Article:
Late August is a popular time for vacation in many parts of the world, and a busy period for travelers to Hawaii. That’s not the case in Thailand, but this week the country’s top tourism official scaled back expectations for the rest of the year.
This is rainy season in Thailand — not the most popular time of year for visitors. Business usually picks up in the autumn, but this year expectations are modest.
This week, Thailand’s Minister of Tourism and Sports downgraded expectations on visitor arrivals for the second time in two months. The government still expects slight growth – visitor arrivals so far are up about 2% compared to 2018.
According to the World Travel and Tourism Council, direct spending on tourism accounts for more than 10% of Thailand’s economy, and the sector has grown sharply over the past decade — with visitor spending more than doubling in that time.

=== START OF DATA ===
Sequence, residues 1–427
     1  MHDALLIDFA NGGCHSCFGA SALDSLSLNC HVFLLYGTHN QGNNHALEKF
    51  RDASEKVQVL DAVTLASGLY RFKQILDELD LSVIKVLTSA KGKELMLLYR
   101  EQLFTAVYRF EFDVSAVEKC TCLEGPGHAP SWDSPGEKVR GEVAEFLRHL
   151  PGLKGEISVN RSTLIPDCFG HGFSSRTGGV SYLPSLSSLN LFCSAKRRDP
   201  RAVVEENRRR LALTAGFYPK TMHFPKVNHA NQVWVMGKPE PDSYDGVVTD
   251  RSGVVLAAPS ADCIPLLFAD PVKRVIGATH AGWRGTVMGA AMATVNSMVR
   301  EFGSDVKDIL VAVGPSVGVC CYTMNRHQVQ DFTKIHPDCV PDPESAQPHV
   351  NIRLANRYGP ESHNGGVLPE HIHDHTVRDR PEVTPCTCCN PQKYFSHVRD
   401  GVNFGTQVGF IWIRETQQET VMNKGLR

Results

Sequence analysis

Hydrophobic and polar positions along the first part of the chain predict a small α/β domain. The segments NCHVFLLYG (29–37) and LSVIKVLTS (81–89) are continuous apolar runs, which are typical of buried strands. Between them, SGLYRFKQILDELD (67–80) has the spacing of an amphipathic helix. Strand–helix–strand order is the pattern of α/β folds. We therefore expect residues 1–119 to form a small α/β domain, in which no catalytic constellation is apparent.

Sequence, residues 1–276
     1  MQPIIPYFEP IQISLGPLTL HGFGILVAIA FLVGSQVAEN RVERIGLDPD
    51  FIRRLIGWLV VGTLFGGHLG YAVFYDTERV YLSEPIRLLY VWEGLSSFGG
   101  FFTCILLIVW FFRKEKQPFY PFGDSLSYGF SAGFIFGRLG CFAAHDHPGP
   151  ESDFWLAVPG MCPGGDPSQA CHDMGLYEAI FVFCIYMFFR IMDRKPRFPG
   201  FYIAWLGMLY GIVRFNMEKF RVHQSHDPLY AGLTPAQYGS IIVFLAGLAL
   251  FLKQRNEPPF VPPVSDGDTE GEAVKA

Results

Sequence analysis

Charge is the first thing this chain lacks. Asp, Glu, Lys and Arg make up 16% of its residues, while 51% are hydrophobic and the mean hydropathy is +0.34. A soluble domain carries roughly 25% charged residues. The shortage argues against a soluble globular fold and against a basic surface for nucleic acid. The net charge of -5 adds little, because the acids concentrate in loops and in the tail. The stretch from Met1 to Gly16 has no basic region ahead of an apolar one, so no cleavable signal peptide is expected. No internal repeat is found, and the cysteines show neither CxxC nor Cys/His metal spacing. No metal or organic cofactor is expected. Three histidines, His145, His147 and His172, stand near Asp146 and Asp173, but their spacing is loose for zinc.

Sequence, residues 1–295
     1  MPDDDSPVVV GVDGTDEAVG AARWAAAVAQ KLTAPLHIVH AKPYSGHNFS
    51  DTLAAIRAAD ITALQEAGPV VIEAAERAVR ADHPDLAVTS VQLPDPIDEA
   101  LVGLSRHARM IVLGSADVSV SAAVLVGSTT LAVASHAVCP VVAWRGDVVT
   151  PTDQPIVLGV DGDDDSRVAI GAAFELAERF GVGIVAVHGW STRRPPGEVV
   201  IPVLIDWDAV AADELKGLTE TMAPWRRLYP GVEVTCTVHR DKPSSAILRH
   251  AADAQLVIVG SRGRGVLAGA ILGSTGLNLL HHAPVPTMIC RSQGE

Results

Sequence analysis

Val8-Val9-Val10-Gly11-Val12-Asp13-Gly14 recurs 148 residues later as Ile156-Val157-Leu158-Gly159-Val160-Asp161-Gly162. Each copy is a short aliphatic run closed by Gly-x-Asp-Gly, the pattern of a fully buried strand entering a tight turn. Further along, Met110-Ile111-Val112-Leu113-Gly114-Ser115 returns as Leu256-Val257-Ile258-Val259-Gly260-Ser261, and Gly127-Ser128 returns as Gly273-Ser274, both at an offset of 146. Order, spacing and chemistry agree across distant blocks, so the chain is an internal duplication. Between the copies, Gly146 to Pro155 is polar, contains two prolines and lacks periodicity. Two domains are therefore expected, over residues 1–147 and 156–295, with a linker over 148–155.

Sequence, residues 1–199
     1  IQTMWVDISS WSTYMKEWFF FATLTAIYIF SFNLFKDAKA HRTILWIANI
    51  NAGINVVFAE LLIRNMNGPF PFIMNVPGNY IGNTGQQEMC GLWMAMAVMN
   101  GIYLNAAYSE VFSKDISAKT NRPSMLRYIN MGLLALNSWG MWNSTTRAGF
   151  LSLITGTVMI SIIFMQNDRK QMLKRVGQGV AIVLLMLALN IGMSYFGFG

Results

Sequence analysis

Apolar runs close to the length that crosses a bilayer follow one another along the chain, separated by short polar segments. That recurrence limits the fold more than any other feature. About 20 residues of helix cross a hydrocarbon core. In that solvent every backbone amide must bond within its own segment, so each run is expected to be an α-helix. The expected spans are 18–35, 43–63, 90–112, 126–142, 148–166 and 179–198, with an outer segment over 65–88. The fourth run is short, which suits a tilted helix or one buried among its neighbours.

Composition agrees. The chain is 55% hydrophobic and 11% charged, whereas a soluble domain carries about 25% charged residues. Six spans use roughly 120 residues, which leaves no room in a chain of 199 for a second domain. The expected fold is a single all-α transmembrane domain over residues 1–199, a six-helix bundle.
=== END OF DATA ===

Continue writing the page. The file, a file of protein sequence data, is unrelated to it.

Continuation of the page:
China has played a big role in that, but it’s also a big part of the slowing growth.
Some areas are feeling the sting more severely than others.
The Financial Times quotes Phuket’s local hotel association as saying occupancy in the beach resort area is running at 40 to 50%.
The Bangkok Post quotes the head of the tourism association on the island of Koh Samui as saying occupancy in the first six months was 45% — down about 20% from a year ago.
A slowing Chinese economy is one factor, a stronger Thai baht is another — it makes accommodations more expensive for all foreigners — especially compared to nearby alternatives like Vietnam.